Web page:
Russian adoption to US suspended
Russian adoption to the US was suspended Thursday after a US family put their adopted child on a plane back to Russia. A US government delegation will travel to Moscow next week to clarify rules for international adoptions.
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"Everyone was in a state of shock when this story broke, and journalists made it into a big sensation," says Alyona Senkevich, Russia coordinator of the Arizona-based Hand-in-Hand adoption agency. "But people are calming down and realizing that such things, awful and unsupportable as they are, do happen. Many Russian families find they can't cope and give back their adoptive children. I hope that a solution will be found."Skip to next paragraph
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Nina Astanina, a member of the Russian State Duma's committee on family, women, and children, on Wednesday introduced a draft law to set a moratorium on adoptions of Russian children to the US until a special bilateral agreement on adoptions is signed between the two countries. Mr. Medvedev has also called for such an accord, and the suspension announced Thursday appears to be an official response to that pressure.
"This is not about Artyem Savelyev's story – the reasons are deeper," says Ms. Astanina. "There has to be a certain state policy, our children have to be protected, if necessary, they might even be returned to their Motherland."
The new adoption agreement should include conditions under which Russian authorities will authorize all adoptions and the adoptive parents will agree to follow strict regulations, Russian Foreign Minister Sergei Lavrov said last week.
Experts say the essential Russian demand is that adoptive children would retain their Russian citizenship until the age of 18 and that Russian authorities -- through consulates abroad -- would have some powers to supervise the welfare of the children in their adoptive homes. This idea has not been acceptable to the US in the past, but some version of it will likely come under discussion in the talks next week.
The US delegation, headed by principal deputy assistant Secretary for Consular Affairs Michael Kirby, will be under considerable pressure to come to terms with the Russians. Around 22,000 people have already signed an online petition, sponsored by the Joint Council on International Children's Services, an independent advocacy group, that asks presidents Medvedev and Barack Obama to take action to punish those guilty of child neglect while preserving the opportunities for thousands of American families who are hoping to adopt Russian children.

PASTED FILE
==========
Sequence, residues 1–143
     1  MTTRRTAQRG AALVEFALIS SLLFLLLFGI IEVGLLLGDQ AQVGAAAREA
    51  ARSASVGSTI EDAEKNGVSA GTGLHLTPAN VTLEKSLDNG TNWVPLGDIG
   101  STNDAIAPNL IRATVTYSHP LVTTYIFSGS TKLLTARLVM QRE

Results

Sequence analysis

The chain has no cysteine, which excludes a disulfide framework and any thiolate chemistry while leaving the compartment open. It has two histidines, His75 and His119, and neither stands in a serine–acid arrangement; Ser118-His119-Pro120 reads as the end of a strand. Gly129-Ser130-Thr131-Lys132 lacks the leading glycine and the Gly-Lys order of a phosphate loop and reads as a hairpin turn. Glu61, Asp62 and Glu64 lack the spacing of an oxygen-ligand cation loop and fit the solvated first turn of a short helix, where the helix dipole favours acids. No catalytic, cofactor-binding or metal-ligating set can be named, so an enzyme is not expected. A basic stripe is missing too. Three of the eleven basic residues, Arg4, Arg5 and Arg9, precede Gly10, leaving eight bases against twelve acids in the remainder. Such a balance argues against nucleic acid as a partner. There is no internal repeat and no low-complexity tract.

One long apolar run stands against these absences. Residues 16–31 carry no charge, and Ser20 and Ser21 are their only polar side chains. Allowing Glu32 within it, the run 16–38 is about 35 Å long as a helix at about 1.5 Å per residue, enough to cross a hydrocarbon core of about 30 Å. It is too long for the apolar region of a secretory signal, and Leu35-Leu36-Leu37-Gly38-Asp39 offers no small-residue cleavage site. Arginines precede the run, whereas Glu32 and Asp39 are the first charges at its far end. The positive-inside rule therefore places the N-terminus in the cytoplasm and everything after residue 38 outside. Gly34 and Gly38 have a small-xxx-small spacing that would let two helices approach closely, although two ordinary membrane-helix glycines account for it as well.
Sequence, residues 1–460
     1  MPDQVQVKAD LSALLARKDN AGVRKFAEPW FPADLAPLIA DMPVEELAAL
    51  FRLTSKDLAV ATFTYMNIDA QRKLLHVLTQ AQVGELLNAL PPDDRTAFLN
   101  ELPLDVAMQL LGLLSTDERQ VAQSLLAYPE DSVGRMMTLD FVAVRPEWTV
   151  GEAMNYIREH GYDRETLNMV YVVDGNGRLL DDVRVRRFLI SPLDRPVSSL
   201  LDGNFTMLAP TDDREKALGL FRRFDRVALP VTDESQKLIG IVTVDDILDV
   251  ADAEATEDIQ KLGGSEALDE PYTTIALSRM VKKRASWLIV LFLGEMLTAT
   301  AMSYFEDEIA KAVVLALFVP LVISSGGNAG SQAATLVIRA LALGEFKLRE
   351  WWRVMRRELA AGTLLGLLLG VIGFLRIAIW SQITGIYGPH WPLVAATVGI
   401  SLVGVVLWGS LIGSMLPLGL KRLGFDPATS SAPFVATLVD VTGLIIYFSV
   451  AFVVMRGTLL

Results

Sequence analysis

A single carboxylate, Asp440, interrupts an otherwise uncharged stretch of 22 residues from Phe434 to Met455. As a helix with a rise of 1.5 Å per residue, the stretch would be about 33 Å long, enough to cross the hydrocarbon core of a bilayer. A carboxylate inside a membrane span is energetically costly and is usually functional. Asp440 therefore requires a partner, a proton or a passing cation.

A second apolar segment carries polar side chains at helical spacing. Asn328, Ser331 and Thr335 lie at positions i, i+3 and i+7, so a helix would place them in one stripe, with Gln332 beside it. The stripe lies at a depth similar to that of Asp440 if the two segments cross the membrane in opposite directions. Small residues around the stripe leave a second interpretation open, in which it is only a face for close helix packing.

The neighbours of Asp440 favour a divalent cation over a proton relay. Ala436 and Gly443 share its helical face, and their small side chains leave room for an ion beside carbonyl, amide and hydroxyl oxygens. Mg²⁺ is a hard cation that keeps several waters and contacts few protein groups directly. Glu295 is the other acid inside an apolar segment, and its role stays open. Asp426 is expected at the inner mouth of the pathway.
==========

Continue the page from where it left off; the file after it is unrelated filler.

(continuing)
Russia has almost 800,000 children in state custody, the vast majority of them "social orphans" who have been abandoned by or taken away from still-living parents. Only a small fraction are adopted or placed in foster homes each year.
"I would say to American families that are in the process of adoption, not to worry too much," US Ambassador Beyrle said in a statement Thursday. "We're working on this and we really don't think that this will have any long-term effect on the ability of American families to adopt here."
But Artyem's case has undeniably touched a raw nerve in Russia, and not only nationalistic politicians are calling for an end to foreign adoptions.
"I think our departments that supervise cases of adoption are not working well," says Tatiana Gurko, head of family research at the official Institute of Sociology in Moscow. "They still allow foreign firms that sell [Russian] children to work here.... When a child is adopted by a Russian family, at least we can exercise some control, but how can we control the situation abroad? There is a very high chance of psychological incompatibility in the case of [foreign] adoption," she argues.